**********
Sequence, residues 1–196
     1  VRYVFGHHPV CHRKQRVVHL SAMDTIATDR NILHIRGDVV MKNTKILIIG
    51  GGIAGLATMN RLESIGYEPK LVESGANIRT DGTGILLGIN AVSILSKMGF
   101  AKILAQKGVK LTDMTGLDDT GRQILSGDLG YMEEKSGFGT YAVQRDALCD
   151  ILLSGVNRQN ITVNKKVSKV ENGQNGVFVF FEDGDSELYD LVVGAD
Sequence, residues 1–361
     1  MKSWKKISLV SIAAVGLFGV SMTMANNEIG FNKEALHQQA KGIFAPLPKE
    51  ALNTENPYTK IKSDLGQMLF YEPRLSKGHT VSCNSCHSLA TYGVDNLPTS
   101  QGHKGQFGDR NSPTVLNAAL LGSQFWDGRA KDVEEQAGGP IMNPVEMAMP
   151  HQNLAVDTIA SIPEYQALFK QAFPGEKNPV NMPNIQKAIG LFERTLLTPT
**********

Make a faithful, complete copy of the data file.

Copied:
Sequence, residues 1–196
     1  VRYVFGHHPV CHRKQRVVHL SAMDTIATDR NILHIRGDVV MKNTKILIIG
    51  GGIAGLATMN RLESIGYEPK LVESGANIRT DGTGILLGIN AVSILSKMGF
   101  AKILAQKGVK LTDMTGLDDT GRQILSGDLG YMEEKSGFGT YAVQRDALCD
   151  ILLSGVNRQN ITVNKKVSKV ENGQNGVFVF FEDGDSELYD LVVGAD
Sequence, residues 1–361
     1  MKSWKKISLV SIAAVGLFGV SMTMANNEIG FNKEALHQQA KGIFAPLPKE
    51  ALNTENPYTK IKSDLGQMLF YEPRLSKGHT VSCNSCHSLA TYGVDNLPTS
   101  QGHKGQFGDR NSPTVLNAAL LGSQFWDGRA KDVEEQAGGP IMNPVEMAMP
   151  HQNLAVDTIA SIPEYQALFK QAFPGEKNPV NMPNIQKAIG LFERTLLTPT